I’ve vac-seen enough of you, cancer

by Kylie Chen | October 5, 2020

The nanoparticle antitumor vaccine boosts the immune system’s response towards cancerous growth. Art by Daniela Tran (’21)

Imagine being part of a civil war you didn’t even know you were fighting. The war is corrupting your side, and by the time anyone notices this damage, it could be too late. Your opponents may have already infiltrated you without you realizing, waiting for the right time to strike and destroy your side.

This war is between your body and cancer. Cancer cells mutate from your cells, sometimes managing to spread through your body undetected until your death is imminent. Over time, scientists have come up with multiple ways of treating cancer, including surgery, radiation therapy, chemotherapy, immunotherapy, and CAR T-cell therapy. However, such solutions can be physically, financially, and emotionally taxing, even potentially posing other health risks.

But what if your body could fight the cancer with nothing more than a mass-producible, generalizable, immune-boosting solution?

Fiction became reality on September 10, 2020: the Wistar Institute published a press release about its nanoparticle antitumor vaccine, which successfully stimulated CD8 T-cell immunity while controlling the growth of melanoma, a type of skin cancer.

So, what is a nanoparticle antitumor vaccine, and how does it work?

To understand this, we first need to investigate cancer and the immune system’s response to cancer. Cancer occurs due to gene mutations in particular cells, causing those cells to grow uncontrollably. Normally, they clump together to form a tumor. Sometimes, the cancer cells trigger the immune system to send in T-cells, designed to kill malignant bodies. The tumor cells may also manage to completely hide themselves from the immune system, continuing the spread of mutant cells throughout the body.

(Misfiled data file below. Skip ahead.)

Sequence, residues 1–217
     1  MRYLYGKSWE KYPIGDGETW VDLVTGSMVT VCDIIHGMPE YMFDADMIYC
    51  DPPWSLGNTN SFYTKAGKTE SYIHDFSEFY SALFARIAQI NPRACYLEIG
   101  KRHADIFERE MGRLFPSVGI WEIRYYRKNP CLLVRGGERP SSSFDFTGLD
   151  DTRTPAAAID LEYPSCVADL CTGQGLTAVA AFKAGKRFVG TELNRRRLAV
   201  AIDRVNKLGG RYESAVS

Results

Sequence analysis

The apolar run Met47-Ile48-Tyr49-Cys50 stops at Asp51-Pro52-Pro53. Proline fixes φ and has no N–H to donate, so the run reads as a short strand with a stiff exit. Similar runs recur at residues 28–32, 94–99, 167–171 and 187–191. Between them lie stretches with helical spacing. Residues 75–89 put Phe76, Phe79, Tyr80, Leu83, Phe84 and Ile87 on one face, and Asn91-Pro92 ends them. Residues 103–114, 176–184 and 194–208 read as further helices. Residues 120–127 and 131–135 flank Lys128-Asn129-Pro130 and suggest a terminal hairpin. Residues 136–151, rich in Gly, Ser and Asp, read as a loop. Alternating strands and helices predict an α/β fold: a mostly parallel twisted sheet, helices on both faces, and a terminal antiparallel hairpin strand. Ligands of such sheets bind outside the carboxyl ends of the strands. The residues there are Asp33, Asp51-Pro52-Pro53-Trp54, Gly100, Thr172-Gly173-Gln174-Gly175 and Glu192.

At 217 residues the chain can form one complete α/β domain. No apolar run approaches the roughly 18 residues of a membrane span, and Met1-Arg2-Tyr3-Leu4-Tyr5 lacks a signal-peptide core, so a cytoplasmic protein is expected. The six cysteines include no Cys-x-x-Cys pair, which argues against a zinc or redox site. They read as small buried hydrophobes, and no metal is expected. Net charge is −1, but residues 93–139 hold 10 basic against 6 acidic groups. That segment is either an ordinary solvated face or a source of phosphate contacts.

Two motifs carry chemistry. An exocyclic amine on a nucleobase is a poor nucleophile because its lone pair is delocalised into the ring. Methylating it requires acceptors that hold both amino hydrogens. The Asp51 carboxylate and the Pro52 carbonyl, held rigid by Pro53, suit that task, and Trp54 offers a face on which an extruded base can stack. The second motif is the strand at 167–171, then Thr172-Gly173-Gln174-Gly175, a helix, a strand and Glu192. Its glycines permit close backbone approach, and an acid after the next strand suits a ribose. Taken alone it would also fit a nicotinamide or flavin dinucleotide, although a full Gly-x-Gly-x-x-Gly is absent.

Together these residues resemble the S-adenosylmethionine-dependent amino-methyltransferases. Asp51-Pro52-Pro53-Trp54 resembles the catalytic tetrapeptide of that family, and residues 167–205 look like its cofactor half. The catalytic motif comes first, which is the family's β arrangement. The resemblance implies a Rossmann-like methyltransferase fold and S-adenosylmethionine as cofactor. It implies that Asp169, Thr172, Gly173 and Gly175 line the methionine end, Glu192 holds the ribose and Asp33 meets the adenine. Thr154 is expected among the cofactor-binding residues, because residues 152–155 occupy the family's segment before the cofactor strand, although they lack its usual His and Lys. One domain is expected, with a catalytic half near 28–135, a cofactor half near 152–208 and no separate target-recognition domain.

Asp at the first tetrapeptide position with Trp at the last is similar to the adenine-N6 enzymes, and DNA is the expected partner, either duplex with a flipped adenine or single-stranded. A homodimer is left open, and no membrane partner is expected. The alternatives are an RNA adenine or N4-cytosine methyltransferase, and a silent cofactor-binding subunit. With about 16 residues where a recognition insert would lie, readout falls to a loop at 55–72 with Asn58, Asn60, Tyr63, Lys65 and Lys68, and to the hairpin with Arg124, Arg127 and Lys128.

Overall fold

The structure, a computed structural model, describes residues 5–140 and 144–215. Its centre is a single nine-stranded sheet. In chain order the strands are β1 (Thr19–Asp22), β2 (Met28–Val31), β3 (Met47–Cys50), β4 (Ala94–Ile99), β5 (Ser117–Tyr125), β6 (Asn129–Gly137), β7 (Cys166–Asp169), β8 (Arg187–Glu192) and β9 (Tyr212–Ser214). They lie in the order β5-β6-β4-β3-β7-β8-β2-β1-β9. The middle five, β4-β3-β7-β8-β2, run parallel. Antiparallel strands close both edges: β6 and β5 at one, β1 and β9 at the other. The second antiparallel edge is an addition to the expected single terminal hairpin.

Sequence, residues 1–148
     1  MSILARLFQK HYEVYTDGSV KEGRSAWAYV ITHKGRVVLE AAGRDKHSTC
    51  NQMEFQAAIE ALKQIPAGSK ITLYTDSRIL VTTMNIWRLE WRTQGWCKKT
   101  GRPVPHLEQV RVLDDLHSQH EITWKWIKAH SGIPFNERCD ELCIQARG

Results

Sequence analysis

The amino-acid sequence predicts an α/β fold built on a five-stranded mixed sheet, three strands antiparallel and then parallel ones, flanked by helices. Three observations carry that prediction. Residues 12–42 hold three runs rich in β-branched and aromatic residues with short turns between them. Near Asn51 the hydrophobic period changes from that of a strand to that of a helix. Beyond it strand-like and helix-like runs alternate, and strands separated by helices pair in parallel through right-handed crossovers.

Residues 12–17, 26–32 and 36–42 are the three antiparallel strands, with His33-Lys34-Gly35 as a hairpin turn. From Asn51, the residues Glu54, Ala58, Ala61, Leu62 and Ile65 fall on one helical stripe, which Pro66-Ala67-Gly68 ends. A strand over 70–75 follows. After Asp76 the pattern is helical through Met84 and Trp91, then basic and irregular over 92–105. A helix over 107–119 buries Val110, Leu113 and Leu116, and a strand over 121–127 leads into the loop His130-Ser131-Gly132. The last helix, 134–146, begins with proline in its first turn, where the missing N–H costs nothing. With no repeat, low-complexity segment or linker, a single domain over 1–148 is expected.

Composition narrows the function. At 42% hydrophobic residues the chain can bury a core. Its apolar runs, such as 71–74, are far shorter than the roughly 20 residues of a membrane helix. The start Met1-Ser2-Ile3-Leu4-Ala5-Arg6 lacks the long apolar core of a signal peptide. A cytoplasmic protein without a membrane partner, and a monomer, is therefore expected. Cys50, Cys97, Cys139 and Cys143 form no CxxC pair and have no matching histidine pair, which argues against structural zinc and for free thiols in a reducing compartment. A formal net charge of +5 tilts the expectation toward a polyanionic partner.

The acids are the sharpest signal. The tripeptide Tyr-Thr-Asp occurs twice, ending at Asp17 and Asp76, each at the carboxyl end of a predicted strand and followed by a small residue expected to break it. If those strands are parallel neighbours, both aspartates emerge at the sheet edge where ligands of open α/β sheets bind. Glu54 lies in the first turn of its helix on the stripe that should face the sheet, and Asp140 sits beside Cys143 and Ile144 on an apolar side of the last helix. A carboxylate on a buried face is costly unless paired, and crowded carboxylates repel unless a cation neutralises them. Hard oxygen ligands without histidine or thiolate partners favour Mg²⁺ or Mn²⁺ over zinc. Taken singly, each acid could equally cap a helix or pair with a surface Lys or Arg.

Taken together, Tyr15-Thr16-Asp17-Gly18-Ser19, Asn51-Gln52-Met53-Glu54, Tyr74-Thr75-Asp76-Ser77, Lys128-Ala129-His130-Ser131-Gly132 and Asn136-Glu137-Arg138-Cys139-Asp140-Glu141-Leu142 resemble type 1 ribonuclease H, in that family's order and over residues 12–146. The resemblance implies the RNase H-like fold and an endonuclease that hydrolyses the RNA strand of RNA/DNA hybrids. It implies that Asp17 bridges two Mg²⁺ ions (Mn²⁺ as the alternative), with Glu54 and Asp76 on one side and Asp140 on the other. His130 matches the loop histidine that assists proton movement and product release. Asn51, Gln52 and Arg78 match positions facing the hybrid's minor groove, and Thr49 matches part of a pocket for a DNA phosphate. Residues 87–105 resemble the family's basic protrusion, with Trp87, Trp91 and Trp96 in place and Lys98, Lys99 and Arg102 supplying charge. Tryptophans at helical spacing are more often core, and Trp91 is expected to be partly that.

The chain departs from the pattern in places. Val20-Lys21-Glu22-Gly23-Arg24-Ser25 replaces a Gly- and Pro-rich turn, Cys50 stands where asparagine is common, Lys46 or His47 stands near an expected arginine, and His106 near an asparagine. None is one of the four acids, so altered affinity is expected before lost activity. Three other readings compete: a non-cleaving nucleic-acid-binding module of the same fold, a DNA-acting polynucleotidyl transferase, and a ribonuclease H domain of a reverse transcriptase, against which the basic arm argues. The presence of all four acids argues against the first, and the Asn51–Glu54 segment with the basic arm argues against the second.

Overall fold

If the tumor is localized, then surgery or radiation therapy combined with chemotherapy may eradicate the cancer cells. However, once the cancer spreads to other parts of the body and becomes stage IV cancer, surgery and radiation therapy will not help. While immunotherapy and CAR T-cell therapy may treat advanced cancer stages, like IIIb and IV, both are expensive: immunotherapy costs over $100,000 per round, and CAR T-cell therapy is even pricier, nearing half a million dollars. Although these two treatments work for some, they are not guaranteed to eradicate the cancer or prolong life.

The nanoparticle vaccine, on the other hand, boosts the immune system’s response against cancer by triggering CD8 T-cells. When injected into a patient, the vaccine releases tiny particles bound with model tumor antigens. These antigens prompt the immune system into action, effectively stripping away the cancer cells’ disguise and making the immune system aware of the tumor’s presence. The immune system then sends T-cells to kill the malignant cells.

If approved as a cancer treatment, a nanoparticle vaccine would be used in the way that immunotherapy and CAR T-cell therapy are applied to stage IV cancer. What differentiates them? For one, it should be much cheaper than CAR T-cell therapy, which is personalized per patient. It takes a lot of effort to reprogram a person’s T-cells and inject them back into the person to fight off the cancer. In addition, a nanoparticle vaccine, like immunotherapy, may be used on anyone who has previously had the same type of tumor.

Although this vaccine has only been studied in preclinical models, if successful on a larger scale, it could change how we see and treat cancer. Nanoparticle vaccines could change the course of medicine and save the lives of the tens of millions affected by cancer around the world.

Categories: Science

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